In the last four years, Winnipeg's famed elm canopy has lost 21,606 trees.
And at the rate Dutch elm disease is spreading throughout the city that has the largest urban population of elm trees in North America, Winnipeg's leafy cover could be on borrowed time.
"Imagine what your city would look like if those trees were gone," said Trees Winnipeg executive director Kerienne La France. "It would be very barren."
La France's warning came Thursday with the release of a report that recommends the city and province double funding to plant and protect the trees.
The city may not be able to effectively manage Dutch elm disease if it continues to lose more than two per cent of its trees every year, the report said.
Dutch elm disease is caused by a fungus that wilts and kills elm trees and is spread by the elm bark beetle. Once trees are infected, crews must remove them to prevent the beetles from spreading the disease to neighbouring trees.
During the past 37 years, Winnipeg lost less than two per cent of its elms to the disease in an average year. In the last five years, the report said, the city has seen higher rates of Dutch elm disease. It lost 3.46 per cent of its trees in 2011 and more than two per cent in 2012.
Before Dutch elm disease was detected in Winnipeg in 1975, the city had about 275,000 elm trees. Currently, the there are 140,000 elm trees.
La France said the city's elm canopy is unusual because most cities do not have the same kind of leafy tree cover, which provides a buffer from inclement weather and helps cut pollution.
She said few other types of trees can survive and grow in Winnipeg's harsh winter climate and the city would have fewer urban habitats for birds, squirrels and other animals in their absence.
A proposed strategy recommends Winnipeg work with the province to combat the disease, which includes asking the province to reinstate buffer zones in the municipalities of Richot and Springfield and split the cost of tree removal, Elm bark beetle control and tree-planting.
This year, the province contributed $1 million to fighting the disease and the city's spent $2.7 million.
If the city and province both double funding, $7.4 million would be spent annually on Winnipeg's urban elms.
In the 1990s, the province reduced its Dutch elm disease management in Richot and Springfield and has since ceased spray treatments in buffer areas around the city. The report said the reduced program will have a significant impact on the city's ability to protect its elms since areas such as Richot are adjacent to the heaviest Dutch elm infections in Winnipeg.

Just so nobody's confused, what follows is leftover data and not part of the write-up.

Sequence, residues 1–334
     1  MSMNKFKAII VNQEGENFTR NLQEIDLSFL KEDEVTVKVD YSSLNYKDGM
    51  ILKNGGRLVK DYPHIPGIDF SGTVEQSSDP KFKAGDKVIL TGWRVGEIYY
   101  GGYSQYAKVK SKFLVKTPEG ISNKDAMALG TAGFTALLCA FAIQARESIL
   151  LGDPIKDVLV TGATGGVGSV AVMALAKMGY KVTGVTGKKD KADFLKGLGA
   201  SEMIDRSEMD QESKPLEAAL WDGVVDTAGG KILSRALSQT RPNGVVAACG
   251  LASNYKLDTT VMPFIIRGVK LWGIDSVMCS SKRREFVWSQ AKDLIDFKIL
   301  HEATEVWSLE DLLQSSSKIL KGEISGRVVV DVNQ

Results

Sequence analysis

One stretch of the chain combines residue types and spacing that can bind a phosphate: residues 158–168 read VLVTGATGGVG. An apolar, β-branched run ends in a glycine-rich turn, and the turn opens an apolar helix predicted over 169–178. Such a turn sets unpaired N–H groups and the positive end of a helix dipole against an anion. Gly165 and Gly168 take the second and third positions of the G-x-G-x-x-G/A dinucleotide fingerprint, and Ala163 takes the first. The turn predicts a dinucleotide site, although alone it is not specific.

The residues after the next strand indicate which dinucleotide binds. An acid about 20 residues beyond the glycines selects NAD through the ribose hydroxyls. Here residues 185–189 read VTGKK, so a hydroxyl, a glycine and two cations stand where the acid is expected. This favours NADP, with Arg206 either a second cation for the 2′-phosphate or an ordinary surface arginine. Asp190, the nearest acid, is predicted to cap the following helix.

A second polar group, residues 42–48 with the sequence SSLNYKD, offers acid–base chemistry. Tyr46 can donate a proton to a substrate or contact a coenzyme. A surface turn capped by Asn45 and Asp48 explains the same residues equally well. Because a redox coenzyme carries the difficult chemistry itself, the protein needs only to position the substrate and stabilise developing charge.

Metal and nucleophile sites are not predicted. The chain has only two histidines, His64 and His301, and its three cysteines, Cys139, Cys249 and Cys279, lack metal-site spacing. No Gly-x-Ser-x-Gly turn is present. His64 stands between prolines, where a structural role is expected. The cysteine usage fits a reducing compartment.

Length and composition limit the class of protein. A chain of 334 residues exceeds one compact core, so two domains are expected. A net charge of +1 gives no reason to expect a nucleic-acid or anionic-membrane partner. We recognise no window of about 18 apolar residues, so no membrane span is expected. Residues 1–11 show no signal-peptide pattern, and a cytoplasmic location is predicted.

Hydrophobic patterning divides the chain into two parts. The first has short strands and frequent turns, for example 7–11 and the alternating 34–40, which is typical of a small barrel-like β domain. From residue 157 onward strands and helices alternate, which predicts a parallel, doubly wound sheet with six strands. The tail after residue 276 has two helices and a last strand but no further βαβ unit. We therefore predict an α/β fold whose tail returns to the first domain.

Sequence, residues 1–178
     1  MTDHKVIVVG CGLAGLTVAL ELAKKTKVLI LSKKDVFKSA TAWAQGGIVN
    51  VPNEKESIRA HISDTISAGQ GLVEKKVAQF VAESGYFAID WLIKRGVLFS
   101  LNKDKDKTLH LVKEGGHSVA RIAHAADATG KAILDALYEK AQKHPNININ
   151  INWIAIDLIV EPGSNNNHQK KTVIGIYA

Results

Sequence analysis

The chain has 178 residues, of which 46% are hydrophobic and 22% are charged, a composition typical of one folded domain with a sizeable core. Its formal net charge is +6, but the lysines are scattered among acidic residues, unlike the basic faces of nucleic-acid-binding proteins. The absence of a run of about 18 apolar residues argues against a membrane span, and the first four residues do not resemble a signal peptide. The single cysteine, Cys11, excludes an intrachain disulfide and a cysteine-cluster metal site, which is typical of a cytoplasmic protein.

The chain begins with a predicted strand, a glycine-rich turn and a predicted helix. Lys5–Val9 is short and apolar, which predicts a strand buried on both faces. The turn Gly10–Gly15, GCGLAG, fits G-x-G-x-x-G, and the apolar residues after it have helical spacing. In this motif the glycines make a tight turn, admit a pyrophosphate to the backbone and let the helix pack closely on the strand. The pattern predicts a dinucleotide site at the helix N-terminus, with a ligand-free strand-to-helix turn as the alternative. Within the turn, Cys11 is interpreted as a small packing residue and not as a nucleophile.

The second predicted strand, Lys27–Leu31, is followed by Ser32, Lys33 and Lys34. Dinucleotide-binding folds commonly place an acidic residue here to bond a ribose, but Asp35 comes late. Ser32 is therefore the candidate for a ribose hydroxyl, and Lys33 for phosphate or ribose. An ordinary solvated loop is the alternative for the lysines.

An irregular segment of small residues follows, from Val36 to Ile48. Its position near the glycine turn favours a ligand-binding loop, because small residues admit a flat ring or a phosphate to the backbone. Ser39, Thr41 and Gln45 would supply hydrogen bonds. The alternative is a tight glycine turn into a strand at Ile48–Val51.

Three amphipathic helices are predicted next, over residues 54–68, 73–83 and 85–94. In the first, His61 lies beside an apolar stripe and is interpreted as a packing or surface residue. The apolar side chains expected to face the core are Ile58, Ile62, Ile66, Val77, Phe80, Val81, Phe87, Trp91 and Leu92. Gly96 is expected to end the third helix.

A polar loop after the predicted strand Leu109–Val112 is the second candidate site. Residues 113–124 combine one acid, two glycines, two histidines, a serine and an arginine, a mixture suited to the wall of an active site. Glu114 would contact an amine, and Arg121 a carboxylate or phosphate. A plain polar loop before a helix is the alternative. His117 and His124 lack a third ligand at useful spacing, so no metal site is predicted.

"If you stop the disease there, there can't be more Dutch elm disease entering the city," said Dave Domke, the city's manager of parks and open spaces.
The strategy recommends the city take an inventory of all elms on private property, expand spraying from river corridors to all American elms in Winnipeg and plant two trees for every elm lost on private property.
Council's public works committee will consider the strategy Monday.
Public works chairman Coun. Dan Vandal (St. Boniface) said the city's elm canopy is important to our environment and enhances the quality of life. He said the funding will be embedded in Winnipeg's upcoming budget and he hopes the new strategy will be in place next spring.
Earlier this year, council's public works committee asked the city administration to develop a strategy to protect elm trees from Dutch elm disease.
"I think the vast majority of the credit goes to our citizens," Vandal said.
Wendy Land, who lost a century-old elm in her Wolseley Avenue yard, said she's concerned the city has hinged its new strategy on provincial funding. Land said Winnipeg is responsible for its elm canopy and should pay for it, regardless of what the province decides.
"To say they will not act without the province's partnership is a huge cop out," she said.
La France said most of the city's elm trees are on private property and one of the simplest things homeowners can do is water their tree since weakened trees are more susceptible to Dutch elm disease.
She said her organization launched a neighbourhood watch group in which volunteers keep an eye out for trees with symptoms of the disease. "It's really important that all of us as homeowners start to see ourselves as partners in managing the urban forest because there's a lot we could do," she said.